Xavier Becerra had a mostly smooth nomination hearing before the Senate health committee Tuesday despite accusations from some GOP members on his support for abortion rights, lack of medical credentials and executive experience in the face of the COVID-19 public health emergency.
Becerra, the California attorney general and President Joe Biden's pick to head up HHS, defended his work on healthcare antitrust issues in his state, which he also represented in Congress for 24 years. As HHS chief he would guide the administration's response to the pandemic, with oversight of CMS, the National Institutes of Health and FDA.
He will now face questioning from the Senate Finance Committee, which will vote on whether his nomination goes to a full Senate vote Wednesday afternoon.
Becerra highlighted his work as AG to take on lack of competition in healthcare markets. "I've taken on drugmakers and hospitals who unfairly jack up prices on patients," he said in his opening remarks. He referred to his lawsuit against Sutter Health, which claimed antitrust practices by the health system and ended with a $575 million settlement agreement.
Still, he has the support of provider lobbies like the American Hospital Association and American Medical Association, among other industry groups.
While not assured, Becerra's confirmation is more likely than not. He didn't face particularly barbed questions from more moderate GOP Sen. Lisa Murkowski of Alaska, who asked mostly about improving access to care in rural areas.
More hard-line Republicans, though, brought up the nominee's previous voting record on abortion rights and requested a pledge to not spend any taxpayer money on the service.
Becerra needs at least 50 votes for confirmation, as Vice President Kamala Harris could break a tie and vote in his favor. More conservative Democrats like Sen. Joe Manchin of West Virginia may be on the fence but haven't indicated their intentions yet.
The issue of price transparency for healthcare services was brought up multiple times. Becerra said he stands behind pushing providers to make their prices known, as was recently required for hospitals under the prior administration.
"The American people are entitled to know what they're buying, especially if it's a life or death situation," he said. "So what I can say to you is we will do robust enforcement to make sure price transparency is there for all Americans, because for far too long, people have never had an idea what they're going to pay when they walk into a hospital."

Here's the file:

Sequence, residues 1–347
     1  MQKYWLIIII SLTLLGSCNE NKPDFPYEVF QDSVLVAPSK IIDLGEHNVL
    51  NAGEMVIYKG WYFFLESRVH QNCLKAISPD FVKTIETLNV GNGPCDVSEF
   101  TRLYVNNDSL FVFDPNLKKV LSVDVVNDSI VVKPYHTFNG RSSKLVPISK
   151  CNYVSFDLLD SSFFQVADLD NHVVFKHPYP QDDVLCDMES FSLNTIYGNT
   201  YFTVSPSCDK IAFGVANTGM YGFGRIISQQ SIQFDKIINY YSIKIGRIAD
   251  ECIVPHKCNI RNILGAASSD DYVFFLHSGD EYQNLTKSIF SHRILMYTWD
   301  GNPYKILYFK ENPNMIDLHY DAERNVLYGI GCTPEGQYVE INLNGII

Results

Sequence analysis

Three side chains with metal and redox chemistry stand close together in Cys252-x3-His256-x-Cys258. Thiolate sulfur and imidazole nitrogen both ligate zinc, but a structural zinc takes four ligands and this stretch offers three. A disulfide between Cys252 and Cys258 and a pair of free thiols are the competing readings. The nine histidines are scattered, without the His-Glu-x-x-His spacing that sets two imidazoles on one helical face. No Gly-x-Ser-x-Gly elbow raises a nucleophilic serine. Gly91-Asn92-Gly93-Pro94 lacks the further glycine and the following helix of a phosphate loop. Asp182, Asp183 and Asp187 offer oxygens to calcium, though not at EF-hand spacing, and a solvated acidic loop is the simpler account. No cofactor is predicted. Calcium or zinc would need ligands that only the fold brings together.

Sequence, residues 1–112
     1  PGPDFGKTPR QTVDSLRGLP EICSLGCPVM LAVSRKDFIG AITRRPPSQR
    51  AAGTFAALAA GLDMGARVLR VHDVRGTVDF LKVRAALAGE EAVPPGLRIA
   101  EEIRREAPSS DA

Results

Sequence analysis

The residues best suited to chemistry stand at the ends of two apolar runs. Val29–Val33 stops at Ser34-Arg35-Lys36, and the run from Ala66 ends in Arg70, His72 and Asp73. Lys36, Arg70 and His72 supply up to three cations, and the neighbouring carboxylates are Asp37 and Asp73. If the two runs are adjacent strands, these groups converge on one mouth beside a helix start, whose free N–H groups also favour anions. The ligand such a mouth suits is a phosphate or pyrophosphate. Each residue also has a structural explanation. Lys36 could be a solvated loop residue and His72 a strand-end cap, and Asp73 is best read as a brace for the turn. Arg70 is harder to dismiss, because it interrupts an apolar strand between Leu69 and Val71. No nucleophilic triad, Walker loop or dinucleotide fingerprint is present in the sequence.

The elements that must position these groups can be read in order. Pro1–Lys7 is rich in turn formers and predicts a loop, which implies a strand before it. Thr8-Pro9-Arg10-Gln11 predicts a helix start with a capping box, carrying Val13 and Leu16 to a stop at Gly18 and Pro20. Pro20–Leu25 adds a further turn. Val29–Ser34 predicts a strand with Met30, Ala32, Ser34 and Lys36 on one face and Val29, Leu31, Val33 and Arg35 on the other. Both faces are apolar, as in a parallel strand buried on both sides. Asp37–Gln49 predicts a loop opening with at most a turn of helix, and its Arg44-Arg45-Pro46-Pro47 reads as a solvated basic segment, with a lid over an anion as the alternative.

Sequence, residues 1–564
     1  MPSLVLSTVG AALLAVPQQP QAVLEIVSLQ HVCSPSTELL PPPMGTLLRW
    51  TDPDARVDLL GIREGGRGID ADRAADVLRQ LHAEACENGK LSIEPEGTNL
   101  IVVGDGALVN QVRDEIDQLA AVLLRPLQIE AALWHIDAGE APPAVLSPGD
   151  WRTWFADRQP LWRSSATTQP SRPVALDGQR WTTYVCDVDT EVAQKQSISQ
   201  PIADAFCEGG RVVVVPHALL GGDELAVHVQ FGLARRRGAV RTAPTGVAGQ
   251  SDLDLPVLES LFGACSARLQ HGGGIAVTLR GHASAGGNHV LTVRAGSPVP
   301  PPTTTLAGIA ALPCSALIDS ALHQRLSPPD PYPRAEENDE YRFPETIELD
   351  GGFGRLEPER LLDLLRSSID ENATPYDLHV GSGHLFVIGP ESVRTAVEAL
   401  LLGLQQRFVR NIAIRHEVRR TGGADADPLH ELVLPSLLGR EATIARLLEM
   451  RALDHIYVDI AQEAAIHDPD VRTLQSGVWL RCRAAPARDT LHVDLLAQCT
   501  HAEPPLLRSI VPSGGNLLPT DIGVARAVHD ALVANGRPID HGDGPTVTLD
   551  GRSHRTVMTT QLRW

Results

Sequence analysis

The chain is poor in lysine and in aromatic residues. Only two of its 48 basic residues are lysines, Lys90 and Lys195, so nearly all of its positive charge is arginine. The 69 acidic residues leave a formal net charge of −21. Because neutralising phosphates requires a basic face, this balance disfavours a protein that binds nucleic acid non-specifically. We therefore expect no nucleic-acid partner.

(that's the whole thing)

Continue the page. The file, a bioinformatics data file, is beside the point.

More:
Other policies touched on included Becerra's support for collecting more inclusive data to improve health equity, expanding use of telehealth even after the COVID-19 pandemic is more under control and making sure life-saving drugs like insulin are affordable.
He also said more should be done to support primary care providers, such as incentivize people to enter the medical workforce and achieve parity for behavioral health services.
When asked about the Biden administration's COVID-19 response, Becerra emphasized the need to educate people about the vaccines and work with states to improve distribution.
Sen. Bill Cassidy, R-La., tried to trip Becerra up with a relatively technical question about the 340B drug program, asking whether there should be statutory definitions for "contract pharmacy" and "patient." Becerra did not answer directly but called 340B "an indispensable program for some of our most underserved communities."
Cassidy, who is a physician, also alluded to Becerra's lack of clinical experience, asking rhetorically what Becerra as an attorney would think of Cassidy being nominated as U.S. attorney general.
Democrats, however, jumped to Becerra's defense and pointed out that of the previous six HHS secretaries only one was a physician, and he had the shortest tenure. Sen. Tim Kaine of Virginia was referring to Tom Price, the first HHS chief in the Trump administration, who resigned after a scandal involving charging taxpayers for private use of a jet.
Sen. Richard Burr, R-N.C., said he was still keeping an open mind but was so far unconvinced Becerra is ready for the high-profile job. Burr noted the private sector's success in development of coronavirus vaccines and said he was concerned Becerra would stress government work over that of private companies.